All reptiles, including bearded dragons, benefit from a hiding place. You can create one with items like a clay pot, cardboard box, a piece of commercially purchased bark, a half-domed hollow log, a pet cave, or an inverted plastic food storage container.

Artificial or live non-toxic plants can be arranged to create additional hiding spots. Always provide a shallow, stable dish for water and a similar dish for food that won’t easily tip over.

Enclosure temperatures

Reptiles are ectothermic, meaning their body temperature relies on environmental conditions. To facilitate their health, maintain a temperature gradient within the enclosure, with one area warmer than the other. 

This allows your bearded dragon to regulate its body temperature by moving around the environment.

 Place a thermometer at both ends of the enclosure, with the cooler end at approximately 75-80ºF (24-27ºC) and the warmer end at 90-100ºF (32-38ºC). 

Always position heat sources outside the enclosure, above the basking area, to prevent direct contact between the heating element and the lizard, reducing the risk of burns. 

Do I need special lighting?

In their natural habitat, reptiles bask in sunlight, absorbing ultraviolet light essential for synthesising vitamin D3, which aids calcium absorption. Vitamin D3 is produced in the skin when exposed to UV light. 

The UV bulb used should emit UV-B light in the range of 290-320 nanometers, as UV-A light (320-400 nanometers) doesn’t contribute to vitamin D3 production. 

Most reptile bulbs on the market emit both UV-A and UV-B light. To ensure effectiveness, the light should be unfiltered and within 6-18 inches of your pet.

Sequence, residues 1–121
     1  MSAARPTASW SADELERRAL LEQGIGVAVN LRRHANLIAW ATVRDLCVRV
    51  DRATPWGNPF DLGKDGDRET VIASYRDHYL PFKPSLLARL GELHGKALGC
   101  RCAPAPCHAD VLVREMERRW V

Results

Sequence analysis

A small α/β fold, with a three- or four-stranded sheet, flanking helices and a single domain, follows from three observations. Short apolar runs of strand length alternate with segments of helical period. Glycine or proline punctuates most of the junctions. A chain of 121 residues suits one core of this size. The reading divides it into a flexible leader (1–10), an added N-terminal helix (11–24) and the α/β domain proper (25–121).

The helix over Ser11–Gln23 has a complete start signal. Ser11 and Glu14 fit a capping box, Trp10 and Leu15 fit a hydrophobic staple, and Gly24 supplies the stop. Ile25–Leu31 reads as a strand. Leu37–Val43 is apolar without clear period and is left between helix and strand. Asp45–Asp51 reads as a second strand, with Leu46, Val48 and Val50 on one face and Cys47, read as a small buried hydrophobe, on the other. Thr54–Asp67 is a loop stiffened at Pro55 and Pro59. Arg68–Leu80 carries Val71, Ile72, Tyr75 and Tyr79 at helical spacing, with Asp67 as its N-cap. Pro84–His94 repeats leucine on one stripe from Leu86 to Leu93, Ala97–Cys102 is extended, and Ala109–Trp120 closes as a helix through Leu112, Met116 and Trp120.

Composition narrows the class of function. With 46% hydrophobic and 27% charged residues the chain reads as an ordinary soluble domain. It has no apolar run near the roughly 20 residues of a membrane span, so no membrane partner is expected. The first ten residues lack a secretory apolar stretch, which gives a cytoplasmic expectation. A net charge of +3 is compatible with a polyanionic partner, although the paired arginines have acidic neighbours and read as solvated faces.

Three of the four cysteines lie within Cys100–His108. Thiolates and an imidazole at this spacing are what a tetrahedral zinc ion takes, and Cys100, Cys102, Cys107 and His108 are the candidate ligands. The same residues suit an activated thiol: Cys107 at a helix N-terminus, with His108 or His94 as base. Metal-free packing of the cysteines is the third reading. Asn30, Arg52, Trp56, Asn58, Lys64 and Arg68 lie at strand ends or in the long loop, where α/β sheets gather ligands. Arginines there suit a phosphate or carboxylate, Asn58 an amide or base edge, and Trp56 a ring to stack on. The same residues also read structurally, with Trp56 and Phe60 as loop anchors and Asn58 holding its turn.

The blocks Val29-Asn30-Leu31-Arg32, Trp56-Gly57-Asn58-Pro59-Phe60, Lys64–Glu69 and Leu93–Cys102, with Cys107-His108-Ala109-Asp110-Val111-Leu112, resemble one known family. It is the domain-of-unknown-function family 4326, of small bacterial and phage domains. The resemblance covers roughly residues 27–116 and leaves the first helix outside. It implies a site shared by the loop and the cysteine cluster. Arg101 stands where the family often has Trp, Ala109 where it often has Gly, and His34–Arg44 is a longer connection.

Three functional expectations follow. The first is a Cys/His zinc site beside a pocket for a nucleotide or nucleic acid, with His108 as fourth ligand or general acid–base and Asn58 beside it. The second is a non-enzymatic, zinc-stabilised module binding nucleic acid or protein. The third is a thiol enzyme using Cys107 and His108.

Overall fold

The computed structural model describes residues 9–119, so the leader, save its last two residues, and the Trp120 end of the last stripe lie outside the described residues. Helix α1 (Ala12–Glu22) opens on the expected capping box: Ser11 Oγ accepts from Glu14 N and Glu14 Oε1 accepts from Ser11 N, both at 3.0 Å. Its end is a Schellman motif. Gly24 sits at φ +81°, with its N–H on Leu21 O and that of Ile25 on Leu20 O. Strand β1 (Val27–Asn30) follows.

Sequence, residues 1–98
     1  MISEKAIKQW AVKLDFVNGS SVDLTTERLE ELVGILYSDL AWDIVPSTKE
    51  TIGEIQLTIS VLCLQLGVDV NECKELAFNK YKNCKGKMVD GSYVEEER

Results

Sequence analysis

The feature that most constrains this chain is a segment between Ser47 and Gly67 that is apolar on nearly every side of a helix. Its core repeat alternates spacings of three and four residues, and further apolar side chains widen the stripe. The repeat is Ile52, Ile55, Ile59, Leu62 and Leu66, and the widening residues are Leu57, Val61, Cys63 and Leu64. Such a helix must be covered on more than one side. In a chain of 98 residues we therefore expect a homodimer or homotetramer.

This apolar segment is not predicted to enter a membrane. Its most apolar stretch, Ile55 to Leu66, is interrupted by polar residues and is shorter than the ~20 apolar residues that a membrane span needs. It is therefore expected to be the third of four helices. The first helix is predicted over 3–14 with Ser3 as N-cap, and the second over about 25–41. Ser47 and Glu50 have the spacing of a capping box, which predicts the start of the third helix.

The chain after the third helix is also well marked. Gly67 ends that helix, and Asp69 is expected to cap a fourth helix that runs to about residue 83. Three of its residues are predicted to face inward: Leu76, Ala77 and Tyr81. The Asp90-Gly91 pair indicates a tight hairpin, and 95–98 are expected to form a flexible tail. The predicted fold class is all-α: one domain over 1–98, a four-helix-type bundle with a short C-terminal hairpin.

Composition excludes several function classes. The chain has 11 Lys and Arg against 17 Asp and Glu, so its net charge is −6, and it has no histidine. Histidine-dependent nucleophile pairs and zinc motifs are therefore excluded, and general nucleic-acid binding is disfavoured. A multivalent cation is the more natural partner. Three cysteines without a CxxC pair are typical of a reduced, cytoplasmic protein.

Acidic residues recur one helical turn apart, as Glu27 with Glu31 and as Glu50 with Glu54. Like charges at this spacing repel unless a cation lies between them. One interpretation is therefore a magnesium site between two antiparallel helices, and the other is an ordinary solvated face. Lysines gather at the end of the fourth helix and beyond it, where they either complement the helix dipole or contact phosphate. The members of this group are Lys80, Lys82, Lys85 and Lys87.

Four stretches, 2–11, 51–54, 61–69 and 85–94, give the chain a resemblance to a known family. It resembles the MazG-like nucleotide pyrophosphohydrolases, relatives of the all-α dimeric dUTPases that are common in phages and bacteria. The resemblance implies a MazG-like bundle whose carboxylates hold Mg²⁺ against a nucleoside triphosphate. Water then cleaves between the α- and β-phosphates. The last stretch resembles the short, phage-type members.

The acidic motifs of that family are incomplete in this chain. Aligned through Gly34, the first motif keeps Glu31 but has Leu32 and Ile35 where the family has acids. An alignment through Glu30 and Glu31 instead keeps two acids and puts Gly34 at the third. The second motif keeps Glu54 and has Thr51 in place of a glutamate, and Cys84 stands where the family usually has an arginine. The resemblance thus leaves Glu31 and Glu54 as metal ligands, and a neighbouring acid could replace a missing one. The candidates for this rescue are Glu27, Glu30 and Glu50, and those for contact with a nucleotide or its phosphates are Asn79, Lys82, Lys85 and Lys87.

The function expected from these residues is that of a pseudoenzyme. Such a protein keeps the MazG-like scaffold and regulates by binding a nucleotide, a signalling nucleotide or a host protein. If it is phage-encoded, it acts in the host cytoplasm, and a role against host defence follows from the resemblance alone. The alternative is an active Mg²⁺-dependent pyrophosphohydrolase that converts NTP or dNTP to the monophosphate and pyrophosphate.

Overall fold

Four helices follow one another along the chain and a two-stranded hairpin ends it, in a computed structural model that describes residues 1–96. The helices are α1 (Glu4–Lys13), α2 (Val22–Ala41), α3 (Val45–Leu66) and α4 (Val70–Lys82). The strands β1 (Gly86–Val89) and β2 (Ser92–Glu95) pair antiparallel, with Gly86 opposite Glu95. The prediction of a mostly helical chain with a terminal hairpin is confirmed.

Though these bulbs are costly, they are vital for maintaining your reptile’s health and preventing metabolic bone disease.

When possible, expose your bearded dragon to natural, direct sunlight outdoors (unfiltered through glass) during warm weather.

Feeding Bearded Dragons

Bearded dragons originate from environments where food can be scarce, allowing them to adapt to a wide range of foods. They are omnivores, which means they consume both plant and animal-based foods, including insects. Possessing keen vision and a strong sense of smell, young bearded dragons lean toward carnivorous diets, while adults tend to favour herbivorous diets.

As a general guideline, a bearded dragon’s diet should consist of about 50% plant-based material and 50% animal-based (insect) material, varying with age.

A stable water source in a dish that cannot be easily tipped over should be available at all times. Replace unused water daily and sanitise the water dish daily. Additionally, you can directly mist or occasionally soak your bearded dragon for hydration.